These drawings need to exist at the same time and influence each other. Every drawing will obviously have a certain level of abstraction from the final built result and understanding what this abstraction is, is really important.
For instance, do we remove shadow to talk about colour tones, or include shadow to talk about relief?
Is it a line drawing which talks about rhythm and composition? Is the drawing scaleless? - allowing one to concentrate on form and whether it is a piece of furniture or a building is unimportant.
When making experiential drawings we never distort viewing angles but when making analytical drawings we often make them from views that will never be experienced but can be possibly understood, a birds eye axonometric that will describe or analyse a sequence of rooms/spaces for example.
"Outside of Europe, my favourite city would be Los Angeles."
Do you have a favourite building?
David: This is very difficult to answer because I try as much as possible to vary my influences. From pre-modern to contemporary, I like maintaining the widest spectrum of inspirations.
However, if I had to recommend something, it would be more of a pair of buildings to see together.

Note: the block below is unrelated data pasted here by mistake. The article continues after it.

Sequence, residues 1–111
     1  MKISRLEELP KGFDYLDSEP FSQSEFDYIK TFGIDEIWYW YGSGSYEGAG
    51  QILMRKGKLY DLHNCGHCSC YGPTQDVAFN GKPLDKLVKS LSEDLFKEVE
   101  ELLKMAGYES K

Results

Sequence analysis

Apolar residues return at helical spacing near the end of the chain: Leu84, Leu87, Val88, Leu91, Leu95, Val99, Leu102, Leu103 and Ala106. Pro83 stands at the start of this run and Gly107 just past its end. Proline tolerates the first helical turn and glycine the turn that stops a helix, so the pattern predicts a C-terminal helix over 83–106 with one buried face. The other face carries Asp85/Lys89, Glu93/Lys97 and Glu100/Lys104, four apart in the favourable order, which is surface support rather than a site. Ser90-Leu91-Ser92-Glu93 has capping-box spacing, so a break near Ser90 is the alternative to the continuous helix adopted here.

I would suggest seeing the Bagsværd Church by Jorn Utzon and its slightly lesser known neighbour, a nursing home by Hans Christian Hansen together.
They contrast each other nicely in terms of their form and use of light.
"... I do have lots of art and architecture books, over 1,000 in total when I last counted 5 years ago! "
Is there a particular myth you see in your field?
David: I think there needs to be more intention and thought on the part of students before they commit to a certain style of drawings and models. Often times, there are trends in drawing, which students and architects can sometimes follow blindly without asking themselves why they want to represent an architectural idea in a particular way.
Also, I would advise people to always be sceptical of the zeitgeist. Sometimes being in a library can be more refreshing than going online.
What do you like to listen to while working?
David: I listen to a really very broad range. I’m revisiting some of the music my father used to listen like Roxy Music, Peter Gabriel, Dire Straits and Billy Joel. Perhaps this reflects my architectural taste too.